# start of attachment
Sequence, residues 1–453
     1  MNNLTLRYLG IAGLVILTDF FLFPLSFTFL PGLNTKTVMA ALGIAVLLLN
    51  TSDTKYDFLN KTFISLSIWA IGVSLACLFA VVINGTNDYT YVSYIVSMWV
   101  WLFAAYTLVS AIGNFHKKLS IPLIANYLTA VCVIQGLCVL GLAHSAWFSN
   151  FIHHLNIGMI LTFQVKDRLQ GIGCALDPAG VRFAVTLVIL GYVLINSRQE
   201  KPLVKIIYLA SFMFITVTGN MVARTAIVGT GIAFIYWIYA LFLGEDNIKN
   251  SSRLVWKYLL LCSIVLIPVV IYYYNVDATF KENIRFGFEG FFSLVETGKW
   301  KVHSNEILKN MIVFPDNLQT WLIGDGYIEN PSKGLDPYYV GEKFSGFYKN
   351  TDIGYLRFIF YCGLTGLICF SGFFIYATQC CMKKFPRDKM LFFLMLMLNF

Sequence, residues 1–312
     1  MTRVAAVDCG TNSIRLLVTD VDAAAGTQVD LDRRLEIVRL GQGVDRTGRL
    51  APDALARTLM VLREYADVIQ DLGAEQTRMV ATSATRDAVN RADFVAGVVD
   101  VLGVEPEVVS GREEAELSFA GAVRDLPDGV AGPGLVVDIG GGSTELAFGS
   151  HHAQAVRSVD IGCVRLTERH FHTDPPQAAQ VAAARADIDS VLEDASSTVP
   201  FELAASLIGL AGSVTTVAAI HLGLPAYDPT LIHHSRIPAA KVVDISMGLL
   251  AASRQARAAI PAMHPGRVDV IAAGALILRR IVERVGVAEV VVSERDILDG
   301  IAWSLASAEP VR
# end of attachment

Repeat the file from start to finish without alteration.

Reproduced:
Sequence, residues 1–453
     1  MNNLTLRYLG IAGLVILTDF FLFPLSFTFL PGLNTKTVMA ALGIAVLLLN
    51  TSDTKYDFLN KTFISLSIWA IGVSLACLFA VVINGTNDYT YVSYIVSMWV
   101  WLFAAYTLVS AIGNFHKKLS IPLIANYLTA VCVIQGLCVL GLAHSAWFSN
   151  FIHHLNIGMI LTFQVKDRLQ GIGCALDPAG VRFAVTLVIL GYVLINSRQE
   201  KPLVKIIYLA SFMFITVTGN MVARTAIVGT GIAFIYWIYA LFLGEDNIKN
   251  SSRLVWKYLL LCSIVLIPVV IYYYNVDATF KENIRFGFEG FFSLVETGKW
   301  KVHSNEILKN MIVFPDNLQT WLIGDGYIEN PSKGLDPYYV GEKFSGFYKN
   351  TDIGYLRFIF YCGLTGLICF SGFFIYATQC CMKKFPRDKM LFFLMLMLNF

Sequence, residues 1–312
     1  MTRVAAVDCG TNSIRLLVTD VDAAAGTQVD LDRRLEIVRL GQGVDRTGRL
    51  APDALARTLM VLREYADVIQ DLGAEQTRMV ATSATRDAVN RADFVAGVVD
   101  VLGVEPEVVS GREEAELSFA GAVRDLPDGV AGPGLVVDIG GGSTELAFGS
   151  HHAQAVRSVD IGCVRLTERH FHTDPPQAAQ VAAARADIDS VLEDASSTVP
   201  FELAASLIGL AGSVTTVAAI HLGLPAYDPT LIHHSRIPAA KVVDISMGLL
   251  AASRQARAAI PAMHPGRVDV IAAGALILRR IVERVGVAEV VVSERDILDG
   301  IAWSLASAEP VR